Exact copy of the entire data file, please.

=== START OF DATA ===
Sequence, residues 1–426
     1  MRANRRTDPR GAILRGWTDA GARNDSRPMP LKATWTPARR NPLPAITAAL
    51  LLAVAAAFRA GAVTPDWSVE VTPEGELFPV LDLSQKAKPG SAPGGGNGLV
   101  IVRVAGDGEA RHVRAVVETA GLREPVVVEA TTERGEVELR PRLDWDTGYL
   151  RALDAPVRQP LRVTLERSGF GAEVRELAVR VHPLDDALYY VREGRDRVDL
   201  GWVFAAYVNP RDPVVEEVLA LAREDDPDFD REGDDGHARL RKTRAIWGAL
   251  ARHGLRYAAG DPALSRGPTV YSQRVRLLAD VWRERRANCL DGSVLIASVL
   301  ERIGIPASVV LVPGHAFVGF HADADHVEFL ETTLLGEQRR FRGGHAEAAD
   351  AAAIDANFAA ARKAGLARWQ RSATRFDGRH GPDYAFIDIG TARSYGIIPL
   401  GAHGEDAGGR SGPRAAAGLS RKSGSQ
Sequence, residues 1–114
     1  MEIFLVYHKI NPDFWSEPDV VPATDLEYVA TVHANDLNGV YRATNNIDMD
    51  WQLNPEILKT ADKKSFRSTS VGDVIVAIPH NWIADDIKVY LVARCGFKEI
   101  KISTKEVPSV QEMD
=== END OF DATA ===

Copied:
Sequence, residues 1–426
     1  MRANRRTDPR GAILRGWTDA GARNDSRPMP LKATWTPARR NPLPAITAAL
    51  LLAVAAAFRA GAVTPDWSVE VTPEGELFPV LDLSQKAKPG SAPGGGNGLV
   101  IVRVAGDGEA RHVRAVVETA GLREPVVVEA TTERGEVELR PRLDWDTGYL
   151  RALDAPVRQP LRVTLERSGF GAEVRELAVR VHPLDDALYY VREGRDRVDL
   201  GWVFAAYVNP RDPVVEEVLA LAREDDPDFD REGDDGHARL RKTRAIWGAL
   251  ARHGLRYAAG DPALSRGPTV YSQRVRLLAD VWRERRANCL DGSVLIASVL
   301  ERIGIPASVV LVPGHAFVGF HADADHVEFL ETTLLGEQRR FRGGHAEAAD
   351  AAAIDANFAA ARKAGLARWQ RSATRFDGRH GPDYAFIDIG TARSYGIIPL
   401  GAHGEDAGGR SGPRAAAGLS RKSGSQ
Sequence, residues 1–114
     1  MEIFLVYHKI NPDFWSEPDV VPATDLEYVA TVHANDLNGV YRATNNIDMD
    51  WQLNPEILKT ADKKSFRSTS VGDVIVAIPH NWIADDIKVY LVARCGFKEI
   101  KISTKEVPSV QEMD